The crude mixture of destroyed cells is known as the homogenate. During the centrifugation of a cell homogenate, larger particles sediment faster than small ones, which makes it possible to obtain crude organelle fractions by means of differential centrifugation.
The first step in any analytical process in which the cellular content must be released, consists of the homogenization of tissues and the rupture of the cell. This provides us with a crude mixture that can be used as a starting material in analytical processes, or for the determination of enzymatic activities or metabolic studies when the incorporation of a certain metabolite by intact tissue is difficult. We can also use other homogenized tissues for the separation of cellular components (cellular fractionation), in metabolic compartmentalization experiments (determining in which part of the cell a metabolic process or pathway occurs).
What should we take into account when preparing a homogenate?
The biological material to be homogenized must be selected so that it is rich in the organelles of interest, and also very active in the metabolic pathway to be studied.
For example, if we want to study the respiratory chain, we will select a tissue rich in mitochondria, such as fresh liver. If we wanted to isolate nuclei, we would take a piece of thymus. We also have to take special precaution that the solution in which the homogenization is carried out must be isotonic (generally sucrose solutions). Cell fractionation is done by differential centrifugation (at different speeds and for different times), thus it is possible to separate nuclei, chloroplasts, lysosomes, mitochondria, microsomes. The cytosol content remains in the supernatant from the last centrifugation.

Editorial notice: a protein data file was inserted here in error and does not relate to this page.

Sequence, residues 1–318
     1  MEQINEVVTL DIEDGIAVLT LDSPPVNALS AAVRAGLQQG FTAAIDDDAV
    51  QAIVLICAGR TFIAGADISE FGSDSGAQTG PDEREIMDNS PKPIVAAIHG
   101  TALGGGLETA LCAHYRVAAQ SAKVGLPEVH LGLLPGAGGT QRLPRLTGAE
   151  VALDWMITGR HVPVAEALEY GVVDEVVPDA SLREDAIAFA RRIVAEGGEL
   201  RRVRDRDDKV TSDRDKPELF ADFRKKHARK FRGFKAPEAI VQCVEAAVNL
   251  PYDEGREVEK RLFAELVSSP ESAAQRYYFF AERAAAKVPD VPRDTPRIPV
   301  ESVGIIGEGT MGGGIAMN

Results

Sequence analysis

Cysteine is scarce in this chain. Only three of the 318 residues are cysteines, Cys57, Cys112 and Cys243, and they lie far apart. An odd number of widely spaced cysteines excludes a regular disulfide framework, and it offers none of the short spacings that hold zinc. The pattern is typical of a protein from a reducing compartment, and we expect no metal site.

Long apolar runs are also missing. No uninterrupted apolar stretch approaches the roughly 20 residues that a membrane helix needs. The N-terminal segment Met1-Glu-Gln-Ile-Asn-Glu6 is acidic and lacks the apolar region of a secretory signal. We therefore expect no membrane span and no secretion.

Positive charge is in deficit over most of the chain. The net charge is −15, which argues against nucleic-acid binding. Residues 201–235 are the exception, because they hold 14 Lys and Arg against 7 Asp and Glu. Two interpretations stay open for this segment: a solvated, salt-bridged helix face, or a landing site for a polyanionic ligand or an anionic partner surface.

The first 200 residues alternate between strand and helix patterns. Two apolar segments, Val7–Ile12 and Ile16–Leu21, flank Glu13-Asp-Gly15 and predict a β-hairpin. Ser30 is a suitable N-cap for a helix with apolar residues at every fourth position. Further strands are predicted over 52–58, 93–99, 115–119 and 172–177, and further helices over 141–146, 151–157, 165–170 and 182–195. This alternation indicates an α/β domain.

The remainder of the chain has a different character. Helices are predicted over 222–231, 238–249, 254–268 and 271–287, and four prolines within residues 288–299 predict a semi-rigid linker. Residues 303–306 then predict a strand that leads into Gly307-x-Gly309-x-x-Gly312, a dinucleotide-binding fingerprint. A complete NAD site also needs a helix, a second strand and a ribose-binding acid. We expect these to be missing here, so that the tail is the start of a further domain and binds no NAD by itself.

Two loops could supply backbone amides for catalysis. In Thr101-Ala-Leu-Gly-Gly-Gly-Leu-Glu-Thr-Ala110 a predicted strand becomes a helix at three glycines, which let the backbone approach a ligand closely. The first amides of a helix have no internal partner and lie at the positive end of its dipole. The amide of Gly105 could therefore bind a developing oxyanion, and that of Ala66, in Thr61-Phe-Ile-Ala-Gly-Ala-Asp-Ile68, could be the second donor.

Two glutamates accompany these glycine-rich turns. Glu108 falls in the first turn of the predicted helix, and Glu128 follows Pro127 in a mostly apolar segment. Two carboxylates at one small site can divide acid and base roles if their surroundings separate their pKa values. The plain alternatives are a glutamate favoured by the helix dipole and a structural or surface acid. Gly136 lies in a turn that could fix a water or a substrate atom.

Many enzymes and proteins are heat labile (they are denatured by the action of temperature) therefore these homogenization processes must be carried out cold (generally at 4ºC in cold rooms).
What methods to use to prepare a homogenate?
The methods used for cell disjunction are primarily based on the fact that cultured cells are generally easy to disrupt. This is achieved by osmotic shock, freeze-thaw cycles, or by digestion with enzymes (proteases and lipases).
Another way to break animal cells is the case of organic solvents such as toluene. however, yeast and plant cells have a tough and resistant cell wall that requires a combination of enzymatic and mechanical methods to break it. Enzyme methods involve the treatment of plant cells with pectinases and cellulases. In the case of yeasts, its wall is broken with lysozyme (a mixture of enzymes).
Among the physical methods we have:
- Grinding with mortar (in the presence of an abrasive agent such as alumina).
- Shaking in the presence of small glass balls (it is widely used in yeasts, but in plants the organelles can be damaged).